There are so many safer and better alternatives. If you still want to use this type of lead I suggest a safer leather or nylon slip lead like they use in dog shows. Honestly your $0.99 slip lead you sometimes get at the vet are usually way more successful in walking than the heavy expensive pinch or choke chains and easily fit in the correct place. I suggest these for a dog that all ready walks pretty well on a leash and not for a dog that is a heavy puller because you will still be at great risk for injury if you are not walking them correctly.
If you do not have the time to get into a dog training class right away to learn some walking skills then these are a great option for excessive pullers that owners just can't control. The two most popular are Gentle Leader and Halti. They work similar to a horse halter. This is never meant to be a correction collar. The basic theme is that if you can safely control the dogs head then the body has to follow the head. If you stop and the dog keeps pulling he will just end up standing backwards. After a few tries the dog will stay nearer to you because they want the walk to continue. It's why we are able to lead huge horses and other giant animals safely with head halters. These are not meant to fit tight around the muzzle, your dog should be able to pant or pick up a toy while wearing the head halter. These are great for a temporary training tool to learn some basic walking skills. Be sure you have the correct size and fit for maximum results. The Gentle Leader comes with an instructional DVD. You can always email me firstname.lastname@example.org for questions as well!
These are a great alternative to the choke chain. They work in a similar way but this limits the restriction and pressure applied to the neck. You are also able to leave these collars on your dog comfortably for all day wear. Long necked dogs such as Greyhounds, Whippets, or Basenji's particularly benefit from this type of collar because it can expand the the widest part of neck comfortably during all day wear but can be slip up to top during a walk to prevent pressure in the neck. You can also find some super cute ones on etsy that can be custom made for your pet.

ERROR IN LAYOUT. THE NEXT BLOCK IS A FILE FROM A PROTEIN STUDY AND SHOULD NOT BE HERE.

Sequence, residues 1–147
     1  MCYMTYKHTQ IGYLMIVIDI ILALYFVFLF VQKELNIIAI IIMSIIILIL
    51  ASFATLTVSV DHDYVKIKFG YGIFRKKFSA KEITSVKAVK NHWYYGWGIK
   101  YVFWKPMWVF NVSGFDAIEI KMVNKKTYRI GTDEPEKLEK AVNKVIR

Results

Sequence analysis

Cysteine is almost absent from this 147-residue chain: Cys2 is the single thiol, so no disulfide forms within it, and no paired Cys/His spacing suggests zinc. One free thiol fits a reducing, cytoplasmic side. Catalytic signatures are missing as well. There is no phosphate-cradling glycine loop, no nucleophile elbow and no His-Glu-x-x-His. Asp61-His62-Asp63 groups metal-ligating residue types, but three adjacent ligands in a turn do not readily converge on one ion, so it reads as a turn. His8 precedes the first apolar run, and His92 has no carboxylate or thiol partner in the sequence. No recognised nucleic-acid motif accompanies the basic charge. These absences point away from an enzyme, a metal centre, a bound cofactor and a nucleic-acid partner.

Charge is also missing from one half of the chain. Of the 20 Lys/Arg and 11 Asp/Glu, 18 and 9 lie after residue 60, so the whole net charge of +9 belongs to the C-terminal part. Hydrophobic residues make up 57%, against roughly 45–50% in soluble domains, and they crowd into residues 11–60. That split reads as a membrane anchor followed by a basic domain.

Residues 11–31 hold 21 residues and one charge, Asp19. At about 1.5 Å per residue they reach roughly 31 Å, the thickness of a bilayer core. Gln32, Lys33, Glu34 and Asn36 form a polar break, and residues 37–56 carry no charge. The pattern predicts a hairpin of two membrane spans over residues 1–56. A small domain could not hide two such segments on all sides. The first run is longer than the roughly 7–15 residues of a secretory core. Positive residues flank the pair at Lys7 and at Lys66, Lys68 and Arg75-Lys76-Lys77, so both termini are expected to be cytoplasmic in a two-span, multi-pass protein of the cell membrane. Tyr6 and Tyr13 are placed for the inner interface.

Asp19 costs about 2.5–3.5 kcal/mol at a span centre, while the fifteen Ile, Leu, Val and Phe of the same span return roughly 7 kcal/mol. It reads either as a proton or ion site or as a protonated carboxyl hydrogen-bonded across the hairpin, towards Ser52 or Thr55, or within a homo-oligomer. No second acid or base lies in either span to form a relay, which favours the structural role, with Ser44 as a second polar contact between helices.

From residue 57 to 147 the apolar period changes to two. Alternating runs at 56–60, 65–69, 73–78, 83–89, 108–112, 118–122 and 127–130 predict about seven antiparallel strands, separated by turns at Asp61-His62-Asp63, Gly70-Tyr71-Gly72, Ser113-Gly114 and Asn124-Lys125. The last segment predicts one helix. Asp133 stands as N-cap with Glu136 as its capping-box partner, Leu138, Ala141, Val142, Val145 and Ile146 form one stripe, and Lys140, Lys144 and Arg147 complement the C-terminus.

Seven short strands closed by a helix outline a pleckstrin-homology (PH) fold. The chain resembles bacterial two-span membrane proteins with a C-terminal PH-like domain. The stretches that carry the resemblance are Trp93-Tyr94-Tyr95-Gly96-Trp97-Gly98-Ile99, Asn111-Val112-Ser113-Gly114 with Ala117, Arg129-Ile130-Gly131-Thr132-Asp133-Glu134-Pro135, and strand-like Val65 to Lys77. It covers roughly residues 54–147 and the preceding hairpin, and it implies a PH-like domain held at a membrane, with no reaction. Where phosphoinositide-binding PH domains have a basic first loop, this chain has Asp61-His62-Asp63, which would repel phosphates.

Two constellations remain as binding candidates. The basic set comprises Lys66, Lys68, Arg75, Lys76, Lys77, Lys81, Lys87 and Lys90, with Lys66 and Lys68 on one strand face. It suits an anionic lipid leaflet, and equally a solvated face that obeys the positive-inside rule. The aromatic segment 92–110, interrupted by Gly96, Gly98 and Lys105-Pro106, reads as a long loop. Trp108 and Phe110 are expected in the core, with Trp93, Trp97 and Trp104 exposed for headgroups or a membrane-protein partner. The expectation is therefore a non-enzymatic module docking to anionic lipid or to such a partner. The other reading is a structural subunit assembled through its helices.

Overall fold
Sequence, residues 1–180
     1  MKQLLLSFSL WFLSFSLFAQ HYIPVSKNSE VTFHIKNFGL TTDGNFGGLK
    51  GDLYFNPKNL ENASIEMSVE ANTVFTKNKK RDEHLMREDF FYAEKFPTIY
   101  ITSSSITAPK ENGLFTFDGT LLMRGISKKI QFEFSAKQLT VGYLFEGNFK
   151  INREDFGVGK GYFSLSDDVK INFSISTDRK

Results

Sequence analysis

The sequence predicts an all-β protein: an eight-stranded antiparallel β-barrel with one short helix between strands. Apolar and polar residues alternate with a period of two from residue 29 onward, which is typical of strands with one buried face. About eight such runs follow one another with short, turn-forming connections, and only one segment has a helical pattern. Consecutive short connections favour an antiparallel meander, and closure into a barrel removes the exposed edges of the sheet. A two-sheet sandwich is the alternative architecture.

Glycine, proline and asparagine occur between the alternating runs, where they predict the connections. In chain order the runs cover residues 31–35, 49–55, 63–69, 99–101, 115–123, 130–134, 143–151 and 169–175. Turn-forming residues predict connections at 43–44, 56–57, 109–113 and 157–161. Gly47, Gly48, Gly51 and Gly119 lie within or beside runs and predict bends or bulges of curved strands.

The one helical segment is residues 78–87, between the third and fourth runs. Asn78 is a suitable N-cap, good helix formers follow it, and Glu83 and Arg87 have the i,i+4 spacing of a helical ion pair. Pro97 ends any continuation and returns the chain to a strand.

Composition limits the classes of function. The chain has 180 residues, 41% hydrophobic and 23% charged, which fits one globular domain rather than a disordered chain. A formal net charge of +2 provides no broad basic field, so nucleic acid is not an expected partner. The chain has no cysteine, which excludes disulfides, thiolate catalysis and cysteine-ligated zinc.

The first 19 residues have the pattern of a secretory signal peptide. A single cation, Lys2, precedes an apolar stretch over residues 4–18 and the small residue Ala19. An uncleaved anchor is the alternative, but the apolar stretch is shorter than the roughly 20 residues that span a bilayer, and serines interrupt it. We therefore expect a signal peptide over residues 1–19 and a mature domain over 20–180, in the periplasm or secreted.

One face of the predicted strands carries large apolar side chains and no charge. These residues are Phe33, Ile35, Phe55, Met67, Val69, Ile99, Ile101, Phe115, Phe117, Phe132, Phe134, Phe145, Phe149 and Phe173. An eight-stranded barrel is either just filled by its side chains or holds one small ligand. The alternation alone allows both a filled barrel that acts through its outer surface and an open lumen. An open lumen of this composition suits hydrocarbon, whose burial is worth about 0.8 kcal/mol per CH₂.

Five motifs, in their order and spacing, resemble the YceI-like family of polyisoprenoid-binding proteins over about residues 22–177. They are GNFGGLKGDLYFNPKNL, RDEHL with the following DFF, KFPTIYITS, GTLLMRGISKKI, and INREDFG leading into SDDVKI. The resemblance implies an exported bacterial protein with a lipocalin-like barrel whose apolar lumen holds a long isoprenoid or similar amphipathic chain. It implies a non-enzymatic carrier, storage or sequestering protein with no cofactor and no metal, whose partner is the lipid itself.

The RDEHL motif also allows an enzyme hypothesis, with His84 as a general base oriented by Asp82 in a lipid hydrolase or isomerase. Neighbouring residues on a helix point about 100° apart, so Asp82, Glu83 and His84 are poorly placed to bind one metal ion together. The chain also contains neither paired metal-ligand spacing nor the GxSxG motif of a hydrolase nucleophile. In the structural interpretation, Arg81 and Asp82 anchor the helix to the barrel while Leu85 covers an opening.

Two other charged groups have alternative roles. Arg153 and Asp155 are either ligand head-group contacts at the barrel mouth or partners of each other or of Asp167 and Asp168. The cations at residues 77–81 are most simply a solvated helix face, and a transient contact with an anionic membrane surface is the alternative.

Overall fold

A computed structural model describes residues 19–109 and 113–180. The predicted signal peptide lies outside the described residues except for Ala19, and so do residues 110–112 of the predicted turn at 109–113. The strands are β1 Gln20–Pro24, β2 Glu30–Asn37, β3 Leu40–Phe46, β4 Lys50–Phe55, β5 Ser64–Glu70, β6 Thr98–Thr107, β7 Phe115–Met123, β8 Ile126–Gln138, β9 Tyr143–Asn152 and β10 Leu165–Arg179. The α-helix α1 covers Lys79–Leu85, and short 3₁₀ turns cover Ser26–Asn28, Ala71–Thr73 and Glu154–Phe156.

Harnesses are best for long bodied dogs and small dogs. Smaller dogs are more prone to collar injury from pulling. Long bodied breeds such as the Dachshund can easily damage the vertebrae by excessive pulling. I suggest a soft fabric like harness for the little ones that distributes the pressure equally. The Puppia harness shown below is a favorite among small dog owners. If you have a medium to large dog that pulls are harness is usually not a great option unless you use one you can connect to in the front. By putting a standard type harness on a massive puling dog you are allowing them to put all their body weight into pulling you along. A harness that clips in the front works in the same way the head halters, forcing the dog to keep the body behind you and not be able to pull though you. These are often used in service dogs and have a wide array of functionality. If you have an extreme puller then your best bet is to get with a local dog training professional and take a few lessons. Walking is just as much about the owner as it is the dog. You are both often equally responsible for the pulling. Please try a safer option before assuming you need to use a force method such as pinch, prong, or choke collars! Feel free to contact me for suggestions for your particular situation! email@example.com